BUNHILL: Belt-driven tea makers going strong in the Azores

BUNHILL'S travels have taken him to the Azores (they're those dots in the middle of the Atlantic). There, at Gorreana on the northern coast of the island of Sao Miguel, I found what is claimed to be the only tea plantation in the European Community. Rows of tea plants spilled down the volcanic slopes towards the sea, while hydrangeas and horse-drawn milk carts conspired to make the whole place wonderfully picturesque.

Inside, though, the picturesqueness became plain quaint. In the back room, women were picking away at wooden trays of tea leaves, while a little machine was busy making teabags. Out front, two massive belt-driven machines were churning away in one room. In another, a couple of women were pouring leaves into a huge device that was sorting them into different sizes. There was a Jackson's "clip action" tea equaliser, too, though it wasn't equalising any tea when I was there.

To anyone like me who likes their machines old and British, this was manufacturing heaven. No one could tell me how old the machines were, but they had had certainly lived through one world war and quite possibly two. They were all labelled "Marshall Sons & Co, Ltd, Gainsborough, England".

I have not been able to contact Marshall (does it still exist?), but I gather it is the same company that made the monstrous Field Marshall tractors (the ones that had to be started by firing a cartridge at the flywheel).

British-built machines are surely going to be chugging away in far-flung places long after every factory in Britain has switched to flashy Japanese devices. Someone out there must have seen even older British machines than the Marshalls still earning their keep: tell me about them.

A COLLEAGUE dining at the Great House at Sonning, on the Thames, found a card labelled "Greenstar Hotels plc - Shareholders' Concessions" on his table. "Shareholders owning a minimum of 1,000 ordinary shares become members of London's exclusive Park Lane Director's Club," it said, explain- ing that they would then be given discounts when noshing at Greenstar establishments. "Shares traded under Rule 4.2 on the London Stock Exchange may be purchased via JP Jenkins of London . . ." the card said.

I rang Mr Jenkins and said I was surprised by this bit of advertising. "We weren't too impressed either," he said. "We're just market makers - we can't deal in shares. That piece of card has caused chaos here, I can tell you." It seems that Greenstar's marketing enthusiasm outpaced its knowledge of the City - it had a share issue in April and thought, logically enough, that satisfied customers might want to buy a bit of it. Mr Jenkins says that please, if you want to bump up your bill by pounds 1,000, go to a stockbroker, not him.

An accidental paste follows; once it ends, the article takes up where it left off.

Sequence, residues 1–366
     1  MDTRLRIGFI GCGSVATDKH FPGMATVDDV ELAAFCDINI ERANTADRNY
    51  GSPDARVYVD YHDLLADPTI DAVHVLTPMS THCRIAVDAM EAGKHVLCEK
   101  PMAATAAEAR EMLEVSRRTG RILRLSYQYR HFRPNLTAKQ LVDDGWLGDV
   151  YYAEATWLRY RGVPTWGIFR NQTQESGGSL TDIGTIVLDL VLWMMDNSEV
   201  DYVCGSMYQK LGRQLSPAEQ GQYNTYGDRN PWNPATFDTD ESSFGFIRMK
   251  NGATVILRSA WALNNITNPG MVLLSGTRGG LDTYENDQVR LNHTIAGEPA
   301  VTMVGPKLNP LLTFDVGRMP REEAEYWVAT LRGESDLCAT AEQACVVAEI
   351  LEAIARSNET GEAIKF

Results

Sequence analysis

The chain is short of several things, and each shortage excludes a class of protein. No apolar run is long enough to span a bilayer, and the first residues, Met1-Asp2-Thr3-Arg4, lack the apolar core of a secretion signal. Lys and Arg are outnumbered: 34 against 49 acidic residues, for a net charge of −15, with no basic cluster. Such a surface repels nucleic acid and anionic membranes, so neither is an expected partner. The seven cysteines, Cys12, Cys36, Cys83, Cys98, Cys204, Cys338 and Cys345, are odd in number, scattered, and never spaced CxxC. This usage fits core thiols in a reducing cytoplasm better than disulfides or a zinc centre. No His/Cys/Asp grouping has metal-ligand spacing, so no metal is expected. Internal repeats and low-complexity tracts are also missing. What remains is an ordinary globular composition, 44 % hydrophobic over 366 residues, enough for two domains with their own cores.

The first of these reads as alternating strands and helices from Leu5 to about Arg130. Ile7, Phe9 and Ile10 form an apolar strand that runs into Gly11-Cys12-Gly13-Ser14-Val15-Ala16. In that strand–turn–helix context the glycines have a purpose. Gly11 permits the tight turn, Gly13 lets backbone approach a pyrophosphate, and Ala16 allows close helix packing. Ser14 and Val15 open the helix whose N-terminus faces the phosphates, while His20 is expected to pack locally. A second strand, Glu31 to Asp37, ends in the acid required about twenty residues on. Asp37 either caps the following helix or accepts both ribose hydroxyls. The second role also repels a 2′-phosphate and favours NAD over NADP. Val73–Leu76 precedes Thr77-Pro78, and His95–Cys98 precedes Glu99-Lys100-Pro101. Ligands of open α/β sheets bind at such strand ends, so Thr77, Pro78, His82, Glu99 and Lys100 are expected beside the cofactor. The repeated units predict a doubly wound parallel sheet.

Buffett on the record

I WAS interested to see that Warren Buffett, the rich American and Sage of Omaha, is joining his cousin Jimmy Buffett on a gramophone record. According to Forbes, he will be playing the ukulele and "singing a bit". My colleagues were unable to think of a British equivalent, although I could not get the image of Sir John Harvey-Jones bouncing on a trampoline out of my mind.

If, however, a tycoon did set up his own popular music ensemble, what would it be called? Buffett and the Billionaires is the easy one. I suppose we must have Harvey-Jones and the Troubleshooters - but what about the likes of Cedric Brown, Richard Branson and Sir Richard Greenbury? Think up groups for them, or for anyone else we may have heard of, and you could win yourself a bottle of Bunhill's fizziest.

I BET Peter Benjamin Lewis has sung a few songs in his time. I note that Fortune gives much space to this 61-year-old chairman of Progressive Corp, a car insurer based in Cleveland. I don't blame it: the company may be boring, but the man isn't. Reassuring an investor about his health, he said: "I'm single, so I get laid all the time." He has written a book that makes Alan Clark seem like a model of discretion. In it, he wrote that when he was having lunch with an employee, he "felt overwhelmed by the desire to have an extramarital experience" - which he duly had. He will not, however, confirm rumours that he is, as one acquaintance put it, "a functioning pothead". Is it despite or because of all this that Lewis has managed to pull his company up from being the 48th to the sixth biggest car insurer in the USA?

Retirement bonus

ALL this talk about fat cats and executive share options has led me to think about the capitalist system - to wit, does it work? A chum who works in the City doing clever things with bonds was given an enormous bonus by his last employer. Far from "incentivising" him, it simply allowed him to contemplate an early escape from the rat race.

"My boss should never have given me a nice big bonus," he says. "It destroys the work ethic, unless balanced by an economically rational unlimited greed." He attributes his lack of economic rationality to being "brainwashed at the age of seven by early Bob Dylan songs". But I don't see it: surely, if you have been given enough money to stop working, you stop work. That's about as rational you can get . . . isn't it?

I HAVE received the following letter from one of my lodgers: "I am a cat who, I have been told, is volumetrically challenged. Due to circumferences beyond my control, I weigh about twice as much as my mum. I am thus a 'fat cat' and I object strongly to being associated with the likes of Mr Cedric Brown. I cannot see what he and I have in common: I have never run a gas company and he, as far as I know, has never got stuck in a cat flap. Can you please tell whence this unpleasant and possibly actionable association came? Yours sincerely, Amundsen Cat (Miss). PS - I have a friend who is a rat and wants to know why he is expected to race all the time.